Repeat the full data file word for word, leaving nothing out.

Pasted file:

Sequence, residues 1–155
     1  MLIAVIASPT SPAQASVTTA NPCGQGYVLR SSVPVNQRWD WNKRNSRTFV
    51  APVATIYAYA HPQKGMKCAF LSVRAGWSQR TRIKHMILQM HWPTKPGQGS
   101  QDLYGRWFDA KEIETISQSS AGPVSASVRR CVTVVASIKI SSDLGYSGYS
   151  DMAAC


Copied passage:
Sequence, residues 1–155
     1  MLIAVIASPT SPAQASVTTA NPCGQGYVLR SSVPVNQRWD WNKRNSRTFV
    51  APVATIYAYA HPQKGMKCAF LSVRAGWSQR TRIKHMILQM HWPTKPGQGS
   101  QDLYGRWFDA KEIETISQSS AGPVSASVRR CVTVVASIKI SSDLGYSGYS
   151  DMAAC